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Editorial Reviews

Literate Harriet Jacobs escaped from slavery after many tries, finally freeing herself of a cruel, sexually abusive master. Jacobs survived to write and expose the horrors of life in slavery. Her autobiography substantiates the abuse endured by female slaves. Jacobs writes about her past with an almost academic detachment. Having survived she evolves into a historian, bent on accurately recording the damning truth for the purpose of social indictment. Narrator Jean Barrett’s calm conversational tone matches Jacobs’ understated language. Just like Jacobs, Barrett sounds educated and self-possessed. There is subdued passion in her voice, but no hysteria. Barrett’s precise speech and ironically polite oration underscores the miserable details of what Jacobs endured and triumphed over.

Publisher's Summary

One of the first personal narratives written by an ex-slave, this is also one of the few written by a woman. Harriet Jacobs (1813-97) was enslaved, along with her family, in North Carolina under a ruthless master who sexually harassed her. After several failed escape attempts, and several years of hiding, she finally made her way North to freedom, where she was eventually reunited with her children. The book was published in 1861.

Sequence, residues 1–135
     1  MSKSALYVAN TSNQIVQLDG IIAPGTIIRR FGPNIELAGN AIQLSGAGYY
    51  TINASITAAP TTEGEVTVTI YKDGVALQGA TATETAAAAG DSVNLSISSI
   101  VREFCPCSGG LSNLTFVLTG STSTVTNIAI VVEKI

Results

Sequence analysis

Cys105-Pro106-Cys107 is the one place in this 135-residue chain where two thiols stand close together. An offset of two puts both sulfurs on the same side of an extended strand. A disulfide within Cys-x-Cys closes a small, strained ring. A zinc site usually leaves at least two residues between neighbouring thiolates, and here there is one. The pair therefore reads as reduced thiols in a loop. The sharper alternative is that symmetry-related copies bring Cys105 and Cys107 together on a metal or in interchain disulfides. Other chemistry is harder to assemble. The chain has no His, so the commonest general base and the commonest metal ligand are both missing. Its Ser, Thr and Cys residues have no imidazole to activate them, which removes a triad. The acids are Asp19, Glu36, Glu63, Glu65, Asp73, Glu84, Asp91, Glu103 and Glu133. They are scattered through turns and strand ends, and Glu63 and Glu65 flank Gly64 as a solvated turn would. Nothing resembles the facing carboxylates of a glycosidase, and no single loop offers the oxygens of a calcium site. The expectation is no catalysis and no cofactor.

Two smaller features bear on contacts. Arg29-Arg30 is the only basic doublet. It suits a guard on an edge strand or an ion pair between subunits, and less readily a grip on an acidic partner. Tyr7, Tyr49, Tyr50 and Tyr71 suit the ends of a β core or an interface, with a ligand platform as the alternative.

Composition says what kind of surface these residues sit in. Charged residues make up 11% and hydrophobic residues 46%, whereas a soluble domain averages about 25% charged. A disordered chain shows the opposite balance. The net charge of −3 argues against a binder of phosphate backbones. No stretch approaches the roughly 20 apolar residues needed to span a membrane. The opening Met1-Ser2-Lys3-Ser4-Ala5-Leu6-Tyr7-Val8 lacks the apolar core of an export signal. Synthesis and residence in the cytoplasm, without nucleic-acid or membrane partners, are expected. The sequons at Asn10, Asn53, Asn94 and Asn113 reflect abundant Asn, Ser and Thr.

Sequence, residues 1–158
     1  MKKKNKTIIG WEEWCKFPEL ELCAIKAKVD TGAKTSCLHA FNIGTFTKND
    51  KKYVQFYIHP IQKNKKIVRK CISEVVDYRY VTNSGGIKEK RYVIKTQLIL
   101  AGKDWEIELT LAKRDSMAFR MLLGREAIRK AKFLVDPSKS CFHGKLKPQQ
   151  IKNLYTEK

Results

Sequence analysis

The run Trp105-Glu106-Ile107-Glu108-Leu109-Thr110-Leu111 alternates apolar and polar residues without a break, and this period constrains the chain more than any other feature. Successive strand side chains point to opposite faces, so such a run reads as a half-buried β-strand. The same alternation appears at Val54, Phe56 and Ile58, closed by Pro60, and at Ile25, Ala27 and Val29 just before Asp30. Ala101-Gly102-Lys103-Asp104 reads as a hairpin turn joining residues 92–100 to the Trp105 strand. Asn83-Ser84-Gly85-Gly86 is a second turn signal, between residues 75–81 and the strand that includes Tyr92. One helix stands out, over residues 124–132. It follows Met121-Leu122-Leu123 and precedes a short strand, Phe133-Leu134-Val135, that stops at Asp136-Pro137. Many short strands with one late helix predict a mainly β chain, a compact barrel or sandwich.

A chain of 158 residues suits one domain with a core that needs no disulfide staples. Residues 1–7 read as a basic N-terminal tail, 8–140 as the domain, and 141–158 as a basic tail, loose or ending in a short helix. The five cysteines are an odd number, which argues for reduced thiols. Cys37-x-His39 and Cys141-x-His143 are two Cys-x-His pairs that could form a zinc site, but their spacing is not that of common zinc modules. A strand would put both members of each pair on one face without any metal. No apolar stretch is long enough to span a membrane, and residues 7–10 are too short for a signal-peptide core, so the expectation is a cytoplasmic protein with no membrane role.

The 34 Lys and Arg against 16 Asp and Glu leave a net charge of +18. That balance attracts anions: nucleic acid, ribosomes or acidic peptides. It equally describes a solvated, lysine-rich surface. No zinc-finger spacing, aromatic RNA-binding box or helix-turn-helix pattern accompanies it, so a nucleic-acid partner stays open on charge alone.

Public Domain (P)2012 Audible, Inc.

Critic Reviews

"One of the major autobiographies of the African American tradition." (Henry Louis Gates, Jr.)
"Harriet Jacobs in her narrative reveals how she refused to be victimized within her own mind, but rather chose to act instead from a steadfast conviction of her own worth.... Hers is an example worth emulating even in these modern times." (Louise Meriwether)

What members say

Average Customer Ratings

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Incredible Journey

Would you recommend this audiobook to a friend? If so, why?

Yes, I would recommend this book in audio format. No matter where I am, my place in the book is always kept for me.

What did you like best about this story?

I loved Harriet and her voice. She says the words that she was thinking. Her pain is evidenced when she faces challenges thrust upon her family by the evil doctor.

Which scene was your favorite?

The part where she hid under the stairs or crawlspace knowing she cold not let her family know where she was---for that action would place them in danger.

Did you have an extreme reaction to this book? Did it make you laugh or cry?

It made me somber in reflecting the true journey of American slaves.

Any additional comments?

This book was especially wonderful to read in February, Black History Month. Now I will read another true story called "12 Years a Slave". A real appreciation for the history of African American brothers and sisters whose stories were silenced but now are loud and proud. A story that needs to be told and lessons to be learned.

4 of 4 people found this review helpful

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  • Alexis
  • DALLAS, TX, United States
  • 12-11-13

A precious perspective

What made the experience of listening to Incidents in the Life of a Slave Girl Written by Herself the most enjoyable?

This first-person perspective had me using the dictionary feature on the Kindle several times. Very eloquent and honest. I'm glad this story was recorded so we can all enjoy it for decades to come.

What about Jean Barrett’s performance did you like?

Barrett's narration brings the story to life in a way that makes you want to give Harriet Jacobs a hug afterward!

Did you have an extreme reaction to this book? Did it make you laugh or cry?